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Allen Sayler, vp of food safety, technology & regulatory solutions at Randolph Associates Inc.,
Processors will need formal, written HACCP programs and will be required to update them every three years, although Sayler recommends an annual revision.
To the four hazards-biological, physical, chemical and terrorism-FSMA has added radiological agents, which fall under the chemical section. “We all need to brush up on our physics,” Sayler said.
Dairy processors need to have a “robust” supplier verification program that includes supply chain management, he said.
While plants will have to register with the FDA (at no cost) in even-numbered years, there will be inspections every three years for foods considered high risk and every five years for low-risk foods. While the FDA has not yet identified the risks for each food, Sayler supposes that dairy powders will be considered low risk and all other dairy foods high risk.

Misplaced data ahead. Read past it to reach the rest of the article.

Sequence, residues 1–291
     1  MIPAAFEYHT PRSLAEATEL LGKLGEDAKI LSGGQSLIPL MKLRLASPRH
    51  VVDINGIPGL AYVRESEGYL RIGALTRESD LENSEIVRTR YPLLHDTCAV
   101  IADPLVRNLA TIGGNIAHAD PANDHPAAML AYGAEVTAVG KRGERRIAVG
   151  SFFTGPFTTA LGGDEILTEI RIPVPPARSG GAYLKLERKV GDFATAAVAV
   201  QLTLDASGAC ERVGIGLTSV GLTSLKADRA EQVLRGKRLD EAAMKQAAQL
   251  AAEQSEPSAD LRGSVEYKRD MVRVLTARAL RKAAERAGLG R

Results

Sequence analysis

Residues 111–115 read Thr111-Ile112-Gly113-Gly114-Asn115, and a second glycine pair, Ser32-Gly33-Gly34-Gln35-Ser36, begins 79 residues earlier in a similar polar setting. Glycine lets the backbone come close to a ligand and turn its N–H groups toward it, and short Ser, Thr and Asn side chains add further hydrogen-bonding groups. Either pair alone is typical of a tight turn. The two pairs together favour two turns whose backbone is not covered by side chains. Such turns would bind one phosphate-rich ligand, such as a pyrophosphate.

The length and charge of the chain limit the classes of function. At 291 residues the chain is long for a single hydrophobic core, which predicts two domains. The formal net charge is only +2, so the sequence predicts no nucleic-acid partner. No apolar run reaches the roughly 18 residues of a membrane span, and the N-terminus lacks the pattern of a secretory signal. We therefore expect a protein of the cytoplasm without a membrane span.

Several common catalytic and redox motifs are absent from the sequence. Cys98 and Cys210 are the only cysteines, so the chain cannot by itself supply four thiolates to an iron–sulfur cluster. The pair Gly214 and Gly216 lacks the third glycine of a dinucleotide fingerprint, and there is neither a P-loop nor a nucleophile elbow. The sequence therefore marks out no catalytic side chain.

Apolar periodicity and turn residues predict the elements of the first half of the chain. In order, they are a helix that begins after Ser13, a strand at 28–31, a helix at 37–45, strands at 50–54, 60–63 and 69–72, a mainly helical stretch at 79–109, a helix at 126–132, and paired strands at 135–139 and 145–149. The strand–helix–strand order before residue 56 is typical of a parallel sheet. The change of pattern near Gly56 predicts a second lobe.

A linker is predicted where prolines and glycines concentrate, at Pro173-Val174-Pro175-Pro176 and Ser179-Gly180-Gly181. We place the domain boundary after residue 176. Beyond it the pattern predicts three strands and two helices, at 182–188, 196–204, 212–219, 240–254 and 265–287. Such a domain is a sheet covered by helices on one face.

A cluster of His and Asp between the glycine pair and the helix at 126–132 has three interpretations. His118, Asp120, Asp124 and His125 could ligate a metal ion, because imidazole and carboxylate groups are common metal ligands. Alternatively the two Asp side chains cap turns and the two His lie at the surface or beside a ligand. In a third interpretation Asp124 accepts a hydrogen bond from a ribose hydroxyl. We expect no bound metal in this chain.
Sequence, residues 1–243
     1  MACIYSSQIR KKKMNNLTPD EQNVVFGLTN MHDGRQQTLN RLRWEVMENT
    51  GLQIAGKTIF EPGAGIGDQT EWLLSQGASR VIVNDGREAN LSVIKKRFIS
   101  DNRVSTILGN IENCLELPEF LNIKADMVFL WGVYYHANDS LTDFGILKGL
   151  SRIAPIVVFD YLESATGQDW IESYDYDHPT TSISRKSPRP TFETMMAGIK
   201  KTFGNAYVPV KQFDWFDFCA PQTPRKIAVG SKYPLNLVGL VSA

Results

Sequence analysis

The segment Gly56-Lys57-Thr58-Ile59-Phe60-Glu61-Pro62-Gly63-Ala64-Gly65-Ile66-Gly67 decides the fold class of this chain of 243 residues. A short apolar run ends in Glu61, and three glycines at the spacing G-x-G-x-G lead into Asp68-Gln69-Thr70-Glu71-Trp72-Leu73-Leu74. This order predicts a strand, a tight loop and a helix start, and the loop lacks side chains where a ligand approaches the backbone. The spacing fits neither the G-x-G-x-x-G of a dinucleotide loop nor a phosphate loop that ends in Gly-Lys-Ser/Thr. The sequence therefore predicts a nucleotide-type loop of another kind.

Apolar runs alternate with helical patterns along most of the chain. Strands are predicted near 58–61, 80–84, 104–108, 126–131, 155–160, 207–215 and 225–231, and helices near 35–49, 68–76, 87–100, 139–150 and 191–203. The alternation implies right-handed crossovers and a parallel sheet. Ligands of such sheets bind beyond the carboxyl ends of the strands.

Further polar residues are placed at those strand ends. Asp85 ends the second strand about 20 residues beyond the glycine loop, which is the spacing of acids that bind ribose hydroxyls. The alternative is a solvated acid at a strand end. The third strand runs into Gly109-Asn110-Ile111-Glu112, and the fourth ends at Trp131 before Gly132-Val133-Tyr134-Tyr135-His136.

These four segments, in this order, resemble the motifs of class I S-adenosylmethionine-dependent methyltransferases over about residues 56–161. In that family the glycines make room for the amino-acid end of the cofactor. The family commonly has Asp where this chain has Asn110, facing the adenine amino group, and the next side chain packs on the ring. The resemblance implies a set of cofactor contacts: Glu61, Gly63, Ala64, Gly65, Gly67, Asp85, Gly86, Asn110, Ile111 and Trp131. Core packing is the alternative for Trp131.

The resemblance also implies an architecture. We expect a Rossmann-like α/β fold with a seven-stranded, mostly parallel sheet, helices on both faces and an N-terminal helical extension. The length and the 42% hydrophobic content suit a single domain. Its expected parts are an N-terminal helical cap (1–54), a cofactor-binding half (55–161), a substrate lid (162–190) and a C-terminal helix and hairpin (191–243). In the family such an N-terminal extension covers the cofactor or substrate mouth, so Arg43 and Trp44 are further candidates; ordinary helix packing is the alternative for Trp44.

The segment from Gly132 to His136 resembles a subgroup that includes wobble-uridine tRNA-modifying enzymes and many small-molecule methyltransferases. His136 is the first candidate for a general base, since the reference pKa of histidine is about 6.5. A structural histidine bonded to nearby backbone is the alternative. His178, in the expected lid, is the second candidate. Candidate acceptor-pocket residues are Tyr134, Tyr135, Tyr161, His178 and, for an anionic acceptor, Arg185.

Sayler said he is not bothered by the FDA’s new authority to issue mandatory recalls, because state agencies already have that power. He did express concern about FDA’s power to order the detention of any article of food for up to 30 days if the officer or qualified employee has reason to believe that the article of food is adulterated or misbranded. That long of a time would effectively push foods beyond their expiration date.
As for transporting of foods, dairy processors need to be able to identify the “immediate previous source” (that is, where the ingredient came from) and the “immediate subsequent recipient” (where the product is going to). Processors might have to create records beyond invoices and bills of lading.